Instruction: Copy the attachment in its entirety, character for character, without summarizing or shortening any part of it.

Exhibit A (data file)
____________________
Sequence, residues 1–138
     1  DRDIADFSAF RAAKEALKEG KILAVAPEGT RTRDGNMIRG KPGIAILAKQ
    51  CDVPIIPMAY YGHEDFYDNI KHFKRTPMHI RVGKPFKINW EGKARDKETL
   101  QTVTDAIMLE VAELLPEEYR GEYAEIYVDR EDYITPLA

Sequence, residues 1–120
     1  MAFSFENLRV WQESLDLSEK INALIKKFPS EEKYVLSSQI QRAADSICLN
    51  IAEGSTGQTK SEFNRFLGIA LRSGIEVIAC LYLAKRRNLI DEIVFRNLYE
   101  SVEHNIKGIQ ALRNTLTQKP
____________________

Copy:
Sequence, residues 1–138
     1  DRDIADFSAF RAAKEALKEG KILAVAPEGT RTRDGNMIRG KPGIAILAKQ
    51  CDVPIIPMAY YGHEDFYDNI KHFKRTPMHI RVGKPFKINW EGKARDKETL
   101  QTVTDAIMLE VAELLPEEYR GEYAEIYVDR EDYITPLA

Sequence, residues 1–120
     1  MAFSFENLRV WQESLDLSEK INALIKKFPS EEKYVLSSQI QRAADSICLN
    51  IAEGSTGQTK SEFNRFLGIA LRSGIEVIAC LYLAKRRNLI DEIVFRNLYE
   101  SVEHNIKGIQ ALRNTLTQKP